Two dozen rare baby parrots that hatched after being left orphaned in a wildlife smuggling operation are now able to chirp and bob their heads as conservationists raise them in a new home.
On March 23, Miami International AirportU.S. Customs and Border Protection officers discovered the tiny hatchlings when faint chirps were heard from a “cleverly disguised incubator” in the carry-on bag of a passenger who just arrived from Managua, Nicaragua and was en route to Taiwan with a total of 29 Red-browed Amazon parrot eggs.
The Chinese national pleaded guilty to wildlife smuggling and faces up to 20 years in prison when he’s sentenced in August.
Soon after discovering the eggs, agents transported the Central American birds to the Rare Species Conservatory Foundation (RSCF), which has zoologists who are providing “round-the-clock care” at the institute’s program partner, Florida International University (FIU).
For 45 days, the chicks remained under federally mandated quarantine until the birds tested negative for pathogens, according to FIU’s statement.
“Now, the parrot chicks fill their days with demanding chirps and playful movements that will soon transition to flight,” the statement said.
FIU research professor Paul Reillo, also the founding director of RSCF, said the smuggler was clearly “part of a very sophisticated trafficking operation.”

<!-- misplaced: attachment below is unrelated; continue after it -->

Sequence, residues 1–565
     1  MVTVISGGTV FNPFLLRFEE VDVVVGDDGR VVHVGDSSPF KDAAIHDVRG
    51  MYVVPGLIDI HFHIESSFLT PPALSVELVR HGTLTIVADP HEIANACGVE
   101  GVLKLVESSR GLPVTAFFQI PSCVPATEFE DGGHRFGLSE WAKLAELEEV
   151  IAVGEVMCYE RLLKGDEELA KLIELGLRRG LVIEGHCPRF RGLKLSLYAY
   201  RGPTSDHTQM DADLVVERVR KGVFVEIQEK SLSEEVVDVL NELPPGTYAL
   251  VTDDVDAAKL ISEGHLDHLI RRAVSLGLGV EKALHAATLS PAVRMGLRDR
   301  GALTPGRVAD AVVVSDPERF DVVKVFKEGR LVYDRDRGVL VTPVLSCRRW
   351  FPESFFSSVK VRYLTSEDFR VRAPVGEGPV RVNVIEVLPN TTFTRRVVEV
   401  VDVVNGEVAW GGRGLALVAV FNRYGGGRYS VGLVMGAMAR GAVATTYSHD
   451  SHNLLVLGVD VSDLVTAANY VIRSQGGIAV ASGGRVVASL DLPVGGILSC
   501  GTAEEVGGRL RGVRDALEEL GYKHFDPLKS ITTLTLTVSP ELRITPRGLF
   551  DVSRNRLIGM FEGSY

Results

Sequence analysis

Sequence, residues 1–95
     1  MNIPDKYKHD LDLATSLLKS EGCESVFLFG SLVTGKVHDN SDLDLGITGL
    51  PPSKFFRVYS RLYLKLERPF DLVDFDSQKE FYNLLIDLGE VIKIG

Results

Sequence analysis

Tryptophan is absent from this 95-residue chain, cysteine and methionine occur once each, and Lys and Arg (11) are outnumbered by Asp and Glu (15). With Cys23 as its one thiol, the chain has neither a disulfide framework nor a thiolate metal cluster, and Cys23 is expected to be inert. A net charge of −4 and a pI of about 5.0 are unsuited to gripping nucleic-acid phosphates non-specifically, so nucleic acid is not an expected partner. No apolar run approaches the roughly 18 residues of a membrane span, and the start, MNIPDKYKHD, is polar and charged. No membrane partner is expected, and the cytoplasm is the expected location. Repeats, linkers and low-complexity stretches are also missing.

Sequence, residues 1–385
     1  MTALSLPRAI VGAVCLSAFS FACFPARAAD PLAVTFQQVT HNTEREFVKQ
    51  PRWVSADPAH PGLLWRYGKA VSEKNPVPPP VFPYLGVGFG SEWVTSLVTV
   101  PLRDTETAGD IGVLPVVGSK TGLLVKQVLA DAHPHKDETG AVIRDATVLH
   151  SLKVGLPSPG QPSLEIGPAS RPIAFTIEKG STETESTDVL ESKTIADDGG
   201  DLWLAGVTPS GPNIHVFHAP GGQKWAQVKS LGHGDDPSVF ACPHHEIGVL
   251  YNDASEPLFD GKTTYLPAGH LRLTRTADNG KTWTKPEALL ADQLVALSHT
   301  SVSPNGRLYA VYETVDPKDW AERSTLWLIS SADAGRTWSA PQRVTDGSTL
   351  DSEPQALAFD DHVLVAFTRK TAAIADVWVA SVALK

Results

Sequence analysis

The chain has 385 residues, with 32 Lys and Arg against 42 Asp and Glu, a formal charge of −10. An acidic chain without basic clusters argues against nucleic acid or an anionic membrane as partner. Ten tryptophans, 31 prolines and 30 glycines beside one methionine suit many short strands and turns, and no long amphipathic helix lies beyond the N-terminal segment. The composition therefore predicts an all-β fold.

Trafficking of wildlife and wildlife products is estimated to be the fourth largest illegal trade in the world, and the U.S. is among the largest markets for both legal and illegal wildlife in the world, according to FIU researchers.
“It’s not easy to assemble a group of this many eggs synchronized to all hatch around the same time. The total elapsed time from the first to last hatching was just 10 days,” Reillo said.
For more than 30 years, Reillo and his team have “successfully bred and managed endangered parrot species to support their recovery in the wild,” the statement said.
The arrival of these parrots at the airport’s U.S. Department of Agriculture’s quarantine facility “presented a unique challenge to the federal agencies that regulate the importation of wildlife because they lack the specialized equipment and means to hatch and care for so many tiny hatchlings,” the statement said.
“The reality for many threatened and endangered species is they are being illegally trafficked for the pet trade, for animal products and for food,” said Mike Heithaus, executive dean of FIU’s College of Arts, Sciences & Education.
The birds are “poor candidates” for repatriation or release due to political issues and because the birds are being hand-reared, according to their caretakers.
“FIU has built robust anti-trafficking programs to combat this issue and these parrots are very lucky to have Dr. Reillo and his team step up to help give them a fighting chance at survival,” Heithaus added. “Now, what we really need is stop trafficking before animals are removed from the wild so we don’t lose these species forever.”
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